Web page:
Notwithstanding the fact that God is pleased to hear our prayers, whatever might be our situation or posture, it is indeed unfortunate that congregations stand instead of kneeling to prayer. Such behavior implies that they have a limited understanding of God’s character, His power, majesty and authority. But, as God’s people, let us remember that we are to have compassion and understanding of others and not be condemning of the posture that they may exercise when praying to God.
There is a wonderful song about prayer that is titled “When I Kneel Down to Pray.” I think the words go like this, “Somehow the Savior seems a little nearer, when I kneel down to pray; And fellowship with Him a little dearer, when I kneel down to pray. I know that He will always hear me, for He is never far away, And yet He seems a little closer to me, when I kneel down to pray.” Don’t you like that?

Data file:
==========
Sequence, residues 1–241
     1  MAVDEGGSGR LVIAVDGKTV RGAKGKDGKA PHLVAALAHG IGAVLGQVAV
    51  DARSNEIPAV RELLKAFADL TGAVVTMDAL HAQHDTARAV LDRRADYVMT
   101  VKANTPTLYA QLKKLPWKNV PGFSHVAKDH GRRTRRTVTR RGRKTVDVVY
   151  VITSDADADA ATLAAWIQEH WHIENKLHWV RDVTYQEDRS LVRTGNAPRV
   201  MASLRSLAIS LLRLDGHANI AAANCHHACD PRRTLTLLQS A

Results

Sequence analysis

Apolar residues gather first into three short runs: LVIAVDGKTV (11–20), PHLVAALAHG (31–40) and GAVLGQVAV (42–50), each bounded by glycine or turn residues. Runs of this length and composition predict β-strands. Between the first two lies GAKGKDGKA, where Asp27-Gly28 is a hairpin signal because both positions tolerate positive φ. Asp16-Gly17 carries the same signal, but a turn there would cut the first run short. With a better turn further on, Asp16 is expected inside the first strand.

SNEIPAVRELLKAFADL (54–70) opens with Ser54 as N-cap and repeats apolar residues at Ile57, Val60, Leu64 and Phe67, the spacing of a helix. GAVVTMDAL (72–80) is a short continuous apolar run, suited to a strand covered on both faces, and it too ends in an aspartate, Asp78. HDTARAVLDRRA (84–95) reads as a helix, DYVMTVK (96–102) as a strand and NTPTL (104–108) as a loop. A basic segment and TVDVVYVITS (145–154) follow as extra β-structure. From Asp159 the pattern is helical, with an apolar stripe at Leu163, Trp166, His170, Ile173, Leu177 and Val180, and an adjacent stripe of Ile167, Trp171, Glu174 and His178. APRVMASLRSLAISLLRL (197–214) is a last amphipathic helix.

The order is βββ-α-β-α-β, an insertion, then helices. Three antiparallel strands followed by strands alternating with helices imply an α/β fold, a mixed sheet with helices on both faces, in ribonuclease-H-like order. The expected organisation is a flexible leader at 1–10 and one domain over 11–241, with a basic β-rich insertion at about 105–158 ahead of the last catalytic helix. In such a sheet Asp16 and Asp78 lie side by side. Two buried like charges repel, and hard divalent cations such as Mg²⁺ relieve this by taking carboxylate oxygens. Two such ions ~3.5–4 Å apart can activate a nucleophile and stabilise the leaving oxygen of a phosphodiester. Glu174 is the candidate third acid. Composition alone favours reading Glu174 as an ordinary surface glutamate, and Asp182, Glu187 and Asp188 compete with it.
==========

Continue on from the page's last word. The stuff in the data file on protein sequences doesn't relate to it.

Part of praying is confessing our sins to God, but afterwards it means forsaking these sins. The prayer of repentance is acceptable to God. He delights in hearing the cries of a penitent sinner, but repentance involves not only sorrow for sin, but also the turning away from wrongdoing and living the Christ-centered life. A repentance which does not produce a change in character and conduct is a mere sham. Old things must pass away and all things must become new. Praying which does not result in right thinking and right living is a lie. We have missed the whole office of prayer if we fail to purge our character and rectify our conduct in keeping with our prayer.